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Study Plan: Microsoft 74-409 – Server Virtualization w/ Hyper-V & System Center

I thought I’d share my study plan for the Microsoft 74-409: Server Virtualization with Windows Server Hyper-V with System Center.

After recently passing the 70-410 exam, the Hyper-V material was still fresh in my mind so I decided to tackle the 74-409. I haven’t posted my study plan for the 410 yet since many of my free nights were spent labbing/reading, however, I hope to do so very soon.

My ultimate goal is to earn an MCSE in Cloud Platform and Infrastructure (formerly Server Infrastructure). The path I’m taking requires you to pass a total of 4 exams (at least for now). I’m halfway done at this point.

Back to the plan.

I’ll break this down into 3 sections:

  1. List of Materials/Resources Used
  2. Study Process
  3. Personal Notes

— 1. List of Materials/Resources Used —

Text and Lab material:

Video material:

Practice Questions:

— 2. Study Process —

To start, I pretty much used these 3 in lock-step: MVA course, Veeam Guide, and the TechNet Online Lab (SC 2012 R2: Lab 1). All 3 were tabbed in the same window.

Why? Because I was able to read it, watch it, then do it.

1) I started by reading a chapter of the Veeam Guide. Then I used the lab to tinker with the features/components discussed in the text. Then I’d watch the MVA videos that corresponded to the chapter I read and features I labbed. I did this until I completed the Veeam PDF Guide and the MVA video series. All while taking notes into a spreadsheet. Also note the PowerShell cmdlets.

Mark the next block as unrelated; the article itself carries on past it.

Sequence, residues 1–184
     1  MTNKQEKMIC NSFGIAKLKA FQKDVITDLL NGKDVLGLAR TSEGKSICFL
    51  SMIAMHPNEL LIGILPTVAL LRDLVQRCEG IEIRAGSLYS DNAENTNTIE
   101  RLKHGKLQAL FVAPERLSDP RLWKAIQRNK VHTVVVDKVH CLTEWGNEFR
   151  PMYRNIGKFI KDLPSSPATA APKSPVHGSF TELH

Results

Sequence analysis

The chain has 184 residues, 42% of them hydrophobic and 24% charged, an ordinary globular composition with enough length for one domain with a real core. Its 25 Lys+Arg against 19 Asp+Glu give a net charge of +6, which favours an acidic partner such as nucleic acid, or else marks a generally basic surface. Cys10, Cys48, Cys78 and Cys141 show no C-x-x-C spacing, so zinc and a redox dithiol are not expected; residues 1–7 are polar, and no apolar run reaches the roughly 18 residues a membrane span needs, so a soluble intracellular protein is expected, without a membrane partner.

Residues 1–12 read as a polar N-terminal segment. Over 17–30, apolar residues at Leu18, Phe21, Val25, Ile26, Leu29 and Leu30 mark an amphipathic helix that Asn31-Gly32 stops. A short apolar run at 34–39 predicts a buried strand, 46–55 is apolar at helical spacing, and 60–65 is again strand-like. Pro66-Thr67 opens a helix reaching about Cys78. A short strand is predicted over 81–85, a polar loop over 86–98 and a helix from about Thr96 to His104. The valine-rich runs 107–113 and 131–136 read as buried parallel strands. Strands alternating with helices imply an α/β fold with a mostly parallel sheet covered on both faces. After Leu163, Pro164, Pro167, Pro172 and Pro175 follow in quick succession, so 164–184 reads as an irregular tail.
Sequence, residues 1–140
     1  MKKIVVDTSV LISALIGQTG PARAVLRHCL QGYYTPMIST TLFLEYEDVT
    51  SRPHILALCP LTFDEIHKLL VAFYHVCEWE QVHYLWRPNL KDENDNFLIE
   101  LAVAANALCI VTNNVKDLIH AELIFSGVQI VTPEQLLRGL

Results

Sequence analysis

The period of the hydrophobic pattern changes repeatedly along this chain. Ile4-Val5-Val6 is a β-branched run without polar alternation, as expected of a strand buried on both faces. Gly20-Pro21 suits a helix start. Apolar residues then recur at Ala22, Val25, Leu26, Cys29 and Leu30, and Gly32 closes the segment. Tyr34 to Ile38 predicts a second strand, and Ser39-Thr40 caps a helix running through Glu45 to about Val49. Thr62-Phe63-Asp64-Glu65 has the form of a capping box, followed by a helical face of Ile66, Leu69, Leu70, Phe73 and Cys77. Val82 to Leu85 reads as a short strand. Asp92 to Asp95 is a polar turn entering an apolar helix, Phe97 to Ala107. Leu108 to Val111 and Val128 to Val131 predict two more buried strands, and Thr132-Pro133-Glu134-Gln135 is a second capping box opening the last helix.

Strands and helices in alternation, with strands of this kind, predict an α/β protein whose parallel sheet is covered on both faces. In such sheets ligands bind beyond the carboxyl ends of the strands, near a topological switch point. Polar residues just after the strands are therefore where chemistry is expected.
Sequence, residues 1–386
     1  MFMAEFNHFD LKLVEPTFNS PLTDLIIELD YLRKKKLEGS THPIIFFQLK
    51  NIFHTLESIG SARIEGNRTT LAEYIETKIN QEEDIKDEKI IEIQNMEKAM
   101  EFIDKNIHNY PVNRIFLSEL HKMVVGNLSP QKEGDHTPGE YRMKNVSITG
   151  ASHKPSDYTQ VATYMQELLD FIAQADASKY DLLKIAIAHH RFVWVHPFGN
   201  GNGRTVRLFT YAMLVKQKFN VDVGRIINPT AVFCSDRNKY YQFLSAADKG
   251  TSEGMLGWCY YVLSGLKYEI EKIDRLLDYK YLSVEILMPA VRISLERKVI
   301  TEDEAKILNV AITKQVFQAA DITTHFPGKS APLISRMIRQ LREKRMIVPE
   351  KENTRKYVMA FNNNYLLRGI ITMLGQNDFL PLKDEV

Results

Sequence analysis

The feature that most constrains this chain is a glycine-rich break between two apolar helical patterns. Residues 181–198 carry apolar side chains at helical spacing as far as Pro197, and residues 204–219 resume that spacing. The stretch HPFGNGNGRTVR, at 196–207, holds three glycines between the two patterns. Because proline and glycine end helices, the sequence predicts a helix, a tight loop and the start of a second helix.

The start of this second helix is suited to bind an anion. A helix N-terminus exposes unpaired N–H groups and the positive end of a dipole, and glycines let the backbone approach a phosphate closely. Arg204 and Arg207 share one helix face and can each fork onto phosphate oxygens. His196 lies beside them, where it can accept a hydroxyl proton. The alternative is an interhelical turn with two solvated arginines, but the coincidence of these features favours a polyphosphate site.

2) Once I got a good overview of Hyper-V and System Center (DPM, VMM, SM, and OM), I supplemented my knowledge with the Pluralsight videos listed in section 1. Although I did not watch every single clip in each series (except for the 70-410 Hyper-V), I watched the ones I thought I needed more help (such as VMM and OM).

3) Then, I went through and drilled down on each exam topic. This is where Romans list helped. I went straight to TechNet for each topic and studied the key features and the requirements. This is critical. You have to know the requirements and capabilities (ie: What’s a Gen 2 VM capable of doing? What’s a Gen 1 VM incapable of doing? What are the differences between Node Majority vs Node and Disk Majority? How about Node and File Share Majority? What’s needed for the cluster to retain quorum? Or, the difference between a Tenant Administrator, Application Administrator, and Fabric Administrator in VMM). You’ll notice that the Orin Thomas’ Veeam Guide parallel’s TechNet articles a lot. He doesn’t go into detail, but he states the key points, which makes his guide a good starting point.

4) Next, I went through all the Measureup practice questions, making sure I understood why I got a question correct and why the incorrect answers were incorrect. Again, I used TechNet articles as support. At the same time, I went through the practice questions from the MVA video series and Veeam Guide.

5) Finally, I spent the final few evenings reviewing my notes from an excel sheet I created, along with the MVA PowerPoints and doing more practice questions.

— 3. Personal Notes —

If you are diligent in your studying and labbing you should do well. I cannot emphasize enough how important it is to get into the environment and play with Hyper-V, Failover Cluster Manager, and System Center.

Some additional tips:

Know where everything is located (ex: where do you create Port Profiles in VMM? Where do create Guest OS Profiles? Where do I click to Enable and/or change the default Library refresh interval? Where do you enable Power Optimization? Where do you go to Validate a server or a cluster? Where do you Enable Replication? Where in FOC Manager do I click to create a Scale-Out File Server?

Also, be sure how all of the SC components tie together. How does OM tie into VMM? How about VMM and SC? What agents need to be deployed and where?

I’ll post my excel note sheet w/ PowerShell cmdlets soon. Hope all of this helps for now.